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Erasing Criminal Convictions for Survivors of Trafficking: One Step in the Right Direction

Written by Juhu Thukral and Melissa Sontag Broudo forRH Reality Check. This diary is cross-posted; commenters wishing to engage directly with the author should do so at the original post.

People get involved in sex work for all kinds of reasons, but most often, out of life circumstance and a need to support themselves and their families. This need to seek safety and security is universal, and it says something about how deeply felt it is, given the level of stigma sex workers endure as they do their work. Unfortunately, because so much of sex work is illegal, sex workers are constantly being arrested. This even applies to people who have engaged in sex work who were trafficked and coerced or threatened in some way.

Trafficking in persons is about people experiencing some level of force, fraud, or coercion in their work. This means they are living and working in a climate of fear. But because most people, including the police, have a very specific idea of who is a "victim" of trafficking, they often get it wrong and arrest people involved in sex work without asking or giving them a chance to say they have been forced or coerced. We have worked with people who are transgender and are survivors of trafficking, but have either been unable to report their experience to the police because they are too afraid from past experiences with police, or have faced ridicule or outright disbelief if they do report. Compare this experience to young cisgender women (the term "cisgender" refers to people whose present gender identity matches the sex/gender they were assigned at birth), who generally fit a more commonly understood idea of who is a victim of human trafficking, and are more likely to be believed if they do speak up.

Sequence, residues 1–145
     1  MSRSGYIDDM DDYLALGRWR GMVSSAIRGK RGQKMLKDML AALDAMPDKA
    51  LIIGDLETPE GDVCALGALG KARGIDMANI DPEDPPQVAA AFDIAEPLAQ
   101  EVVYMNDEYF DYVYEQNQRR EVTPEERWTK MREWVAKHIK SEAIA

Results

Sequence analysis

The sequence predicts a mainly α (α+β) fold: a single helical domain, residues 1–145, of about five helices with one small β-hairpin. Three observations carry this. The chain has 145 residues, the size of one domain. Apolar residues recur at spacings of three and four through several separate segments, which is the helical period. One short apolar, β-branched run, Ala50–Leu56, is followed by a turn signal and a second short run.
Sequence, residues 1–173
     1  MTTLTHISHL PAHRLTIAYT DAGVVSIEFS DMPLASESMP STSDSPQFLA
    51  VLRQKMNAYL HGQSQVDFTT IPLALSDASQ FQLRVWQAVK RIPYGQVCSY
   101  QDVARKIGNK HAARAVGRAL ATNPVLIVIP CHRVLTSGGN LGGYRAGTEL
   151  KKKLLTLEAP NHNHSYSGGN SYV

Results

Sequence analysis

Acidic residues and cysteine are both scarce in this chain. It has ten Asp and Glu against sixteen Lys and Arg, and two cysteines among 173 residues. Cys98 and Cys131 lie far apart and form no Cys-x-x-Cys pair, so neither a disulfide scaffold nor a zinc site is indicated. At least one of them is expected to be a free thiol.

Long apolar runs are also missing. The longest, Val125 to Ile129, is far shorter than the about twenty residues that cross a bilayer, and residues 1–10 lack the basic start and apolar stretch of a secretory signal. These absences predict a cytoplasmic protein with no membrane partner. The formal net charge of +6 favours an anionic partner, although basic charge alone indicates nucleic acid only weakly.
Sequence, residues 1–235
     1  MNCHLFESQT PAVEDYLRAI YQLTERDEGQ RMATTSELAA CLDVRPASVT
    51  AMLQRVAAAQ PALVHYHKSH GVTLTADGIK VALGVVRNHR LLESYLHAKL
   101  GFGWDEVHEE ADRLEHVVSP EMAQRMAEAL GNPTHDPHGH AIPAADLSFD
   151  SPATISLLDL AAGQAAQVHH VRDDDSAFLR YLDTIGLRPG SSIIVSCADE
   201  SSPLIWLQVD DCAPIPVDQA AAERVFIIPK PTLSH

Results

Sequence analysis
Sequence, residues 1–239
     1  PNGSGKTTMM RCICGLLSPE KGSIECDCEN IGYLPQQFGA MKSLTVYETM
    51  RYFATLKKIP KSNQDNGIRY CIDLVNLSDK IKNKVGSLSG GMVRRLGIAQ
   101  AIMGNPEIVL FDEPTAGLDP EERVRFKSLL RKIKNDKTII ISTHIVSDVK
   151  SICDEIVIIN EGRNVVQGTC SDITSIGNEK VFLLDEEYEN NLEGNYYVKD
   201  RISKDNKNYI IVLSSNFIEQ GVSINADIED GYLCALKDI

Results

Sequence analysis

The ideas that inform people's beliefs about human trafficking, and ultimately determine whether they believe someone is a victim or not, often stem from stereotypes or misconceptions perpetuated by the media. Stereotypes include ideas about the gender of victims or what they look like, what their sexual or other histories are, and the kind of work they do. These misconceptions are compounded by people's beliefs and fears about victimization, gender, and sexuality. But in order to craft workable solutions on trafficking, we need policies that actually prevent this terrible practice, and support victims in finding their own voice and seeking the help they want and need. Keeping people out of the criminal justice system is crucial, both because it cannot play the holistic and preventive role we need, and because it is itself a place where abuse takes place.

 

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